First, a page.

McGill, News

Three Macdonald Campus buildings closed immediately after asbestos discovered

The McGill community received word from Director (Campus Public Safety) Pierre Barbarie on Jan. 31 that three Macdonald Campus buildings were to be closed, effective immediately, due to the detection of asbestos in the Raymond building. All classes conducted in the Raymond, Macdonald-Stewart, or Barton buildings were either re-located, held virtually, or cancelled. Some research personnel who needed to tend to animals, plants, or live cell cultures were allowed back into the buildings with proper personal protective equipment.

Asbestos—a group of naturally occurring minerals made up of microscopic fibres—was used as an insulant in many buildings built between 1930 and 1990 because of its strength and resistance to high temperatures. While asbestos is harmless if undisturbed, it can be dangerous when inhaled, causing mesothelioma, a type of cancer, and fibrotic lung disease, in the worst cases. 

In a statement to The McGill Tribune, McGill media relations officer Frédérique Mazerolle noted that the university is taking this issue very seriously and is working to ensure the safety of students and staff. 

“Extensive testing will be conducted over the next few days to find and isolate the source of the problem,” Mazerolle wrote. “The Macdonald-Stewart and Barton buildings, while not under construction, are being closed out of an abundance of caution while testing is conducted.”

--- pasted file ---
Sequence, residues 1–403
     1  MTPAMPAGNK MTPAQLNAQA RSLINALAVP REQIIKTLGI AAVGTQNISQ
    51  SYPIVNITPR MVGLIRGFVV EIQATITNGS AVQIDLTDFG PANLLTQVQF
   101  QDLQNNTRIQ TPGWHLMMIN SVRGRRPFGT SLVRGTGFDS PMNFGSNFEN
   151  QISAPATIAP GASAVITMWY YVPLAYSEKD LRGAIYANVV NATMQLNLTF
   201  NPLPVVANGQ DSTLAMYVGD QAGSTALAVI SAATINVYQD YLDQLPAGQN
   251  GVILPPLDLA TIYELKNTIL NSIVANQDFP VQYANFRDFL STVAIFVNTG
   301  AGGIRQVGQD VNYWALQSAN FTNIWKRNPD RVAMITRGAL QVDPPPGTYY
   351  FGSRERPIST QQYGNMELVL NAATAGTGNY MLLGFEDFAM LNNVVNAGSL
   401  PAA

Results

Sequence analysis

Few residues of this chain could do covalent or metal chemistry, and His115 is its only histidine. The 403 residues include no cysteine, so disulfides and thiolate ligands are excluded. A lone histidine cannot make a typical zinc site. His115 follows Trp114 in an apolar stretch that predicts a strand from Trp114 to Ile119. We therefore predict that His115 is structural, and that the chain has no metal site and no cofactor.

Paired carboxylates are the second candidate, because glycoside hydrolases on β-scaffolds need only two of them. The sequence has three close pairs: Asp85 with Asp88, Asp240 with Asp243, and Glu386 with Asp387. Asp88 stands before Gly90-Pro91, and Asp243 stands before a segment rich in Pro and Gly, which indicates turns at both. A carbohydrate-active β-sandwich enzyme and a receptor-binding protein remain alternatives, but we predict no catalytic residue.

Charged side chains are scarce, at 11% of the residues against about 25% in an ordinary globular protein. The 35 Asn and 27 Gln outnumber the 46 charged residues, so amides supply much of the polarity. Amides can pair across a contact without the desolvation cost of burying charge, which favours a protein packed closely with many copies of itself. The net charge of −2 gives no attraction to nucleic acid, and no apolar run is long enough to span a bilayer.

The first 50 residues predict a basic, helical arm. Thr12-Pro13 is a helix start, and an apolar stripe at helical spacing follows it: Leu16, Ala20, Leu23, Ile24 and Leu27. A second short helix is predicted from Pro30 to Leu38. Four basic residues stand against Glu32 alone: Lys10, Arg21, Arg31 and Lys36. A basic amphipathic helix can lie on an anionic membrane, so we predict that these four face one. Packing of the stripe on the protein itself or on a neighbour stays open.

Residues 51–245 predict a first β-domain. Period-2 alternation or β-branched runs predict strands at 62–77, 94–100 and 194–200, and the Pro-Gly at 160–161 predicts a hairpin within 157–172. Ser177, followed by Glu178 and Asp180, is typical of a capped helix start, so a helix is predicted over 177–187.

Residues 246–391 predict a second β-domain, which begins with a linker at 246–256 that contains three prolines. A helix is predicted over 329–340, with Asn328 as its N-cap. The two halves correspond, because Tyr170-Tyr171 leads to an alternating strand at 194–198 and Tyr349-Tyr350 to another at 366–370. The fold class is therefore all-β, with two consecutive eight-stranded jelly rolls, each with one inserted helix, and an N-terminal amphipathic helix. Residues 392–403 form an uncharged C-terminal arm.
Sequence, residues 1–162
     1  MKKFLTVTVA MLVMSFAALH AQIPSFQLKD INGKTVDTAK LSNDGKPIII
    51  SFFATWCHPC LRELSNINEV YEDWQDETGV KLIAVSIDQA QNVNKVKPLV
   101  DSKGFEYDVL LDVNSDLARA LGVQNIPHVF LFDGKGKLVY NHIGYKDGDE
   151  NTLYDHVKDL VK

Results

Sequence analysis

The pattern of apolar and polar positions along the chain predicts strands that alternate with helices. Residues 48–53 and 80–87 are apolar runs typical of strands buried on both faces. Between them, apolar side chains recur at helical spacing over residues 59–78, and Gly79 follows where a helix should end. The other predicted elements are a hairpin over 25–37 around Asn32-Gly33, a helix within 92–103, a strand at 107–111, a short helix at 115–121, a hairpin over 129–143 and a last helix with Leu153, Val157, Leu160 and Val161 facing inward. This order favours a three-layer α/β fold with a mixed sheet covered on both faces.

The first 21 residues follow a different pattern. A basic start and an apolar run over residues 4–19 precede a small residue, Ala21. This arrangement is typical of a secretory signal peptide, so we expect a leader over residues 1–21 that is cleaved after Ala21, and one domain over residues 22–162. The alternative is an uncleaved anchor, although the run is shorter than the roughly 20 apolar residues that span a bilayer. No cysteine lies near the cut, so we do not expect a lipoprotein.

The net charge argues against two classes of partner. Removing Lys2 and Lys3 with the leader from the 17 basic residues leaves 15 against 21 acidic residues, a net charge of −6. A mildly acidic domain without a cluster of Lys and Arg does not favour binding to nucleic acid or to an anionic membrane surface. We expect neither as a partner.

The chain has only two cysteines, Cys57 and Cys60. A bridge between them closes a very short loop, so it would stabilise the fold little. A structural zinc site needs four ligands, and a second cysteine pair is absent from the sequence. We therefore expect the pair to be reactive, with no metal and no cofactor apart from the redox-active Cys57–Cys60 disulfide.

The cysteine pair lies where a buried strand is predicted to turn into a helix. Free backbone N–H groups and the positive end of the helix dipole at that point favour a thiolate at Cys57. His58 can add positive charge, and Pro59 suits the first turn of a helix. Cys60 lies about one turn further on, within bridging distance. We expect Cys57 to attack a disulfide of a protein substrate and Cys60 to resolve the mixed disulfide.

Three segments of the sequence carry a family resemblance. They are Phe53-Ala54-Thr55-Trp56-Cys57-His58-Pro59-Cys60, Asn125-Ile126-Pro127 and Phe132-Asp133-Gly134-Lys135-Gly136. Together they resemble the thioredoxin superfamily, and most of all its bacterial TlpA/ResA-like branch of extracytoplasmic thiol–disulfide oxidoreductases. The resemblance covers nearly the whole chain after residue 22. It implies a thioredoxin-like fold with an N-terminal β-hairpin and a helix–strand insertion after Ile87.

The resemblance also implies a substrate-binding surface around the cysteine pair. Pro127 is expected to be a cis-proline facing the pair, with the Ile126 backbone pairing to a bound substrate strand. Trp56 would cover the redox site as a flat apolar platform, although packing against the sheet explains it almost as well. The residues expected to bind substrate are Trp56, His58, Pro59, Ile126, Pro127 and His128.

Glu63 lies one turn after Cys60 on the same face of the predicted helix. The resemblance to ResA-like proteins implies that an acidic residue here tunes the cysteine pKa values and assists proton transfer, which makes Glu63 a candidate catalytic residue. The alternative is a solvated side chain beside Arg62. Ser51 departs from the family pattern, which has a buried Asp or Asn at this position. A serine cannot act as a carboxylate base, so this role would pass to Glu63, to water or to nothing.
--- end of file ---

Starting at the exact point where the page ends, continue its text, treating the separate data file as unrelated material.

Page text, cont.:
In an update email sent on Feb. 1, Barbarie wrote that third-party testing for asbestos would prioritize the Macdonald-Stewart and Barton buildings before the Raymond building.

According to the President of the Macdonald Campus Students’ Society (MCSS), Defne Helvacioglu, the closure of these three buildings has left the campus with only one main building—Centennial Centre—accessible to students and staff. Helvacioglu outlined the scale of the issue in an email to the Tribune.

“These buildings have most of our laboratories, our only library, one of the two food resources on campus, computer labs, all offices of faculty staff, and most research labs,” Helvacioglu wrote. “Right now students do not have access to any of these facilities, they cannot perform their labs and are moved to online lectures [….] I personally know that a lot of undergraduate and graduate students’ research labs are affected by this.”

Blake Callan, U1 Agricultural and Environmental Sciences, told the Tribune that one of the primary concerns for students and staff is the disruption of labs and research. 

“We are just unsure whether or not our labs will continue, as online lectures are definitely doable,” Callan said. “Life at Mac has been affected, as I cannot use the library and I like to use it, especially with midterms approaching.”

Helvacioglu said the Centennial Centre will remain open at full capacity in order to support students. She disclosed that the detection of asbestos as well as the recent closure of the only grocery store in Ste-Anne-de-Bellevue have greatly affected student life at Macdonald campus.

“It creates frustration when things are unstable, and Ste-Anne is becoming more of a food desert and now we cannot access our main buildings where most of the academic activities happen,” Helvacioglu wrote. “We acknowledge that large-scale construction can bring unexpected situations, however, all these things are adding up.”

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    Christopher J Lipowski.
    First and former McGill University Health and Safety Officer

    Pinnacle Enterprises Canada

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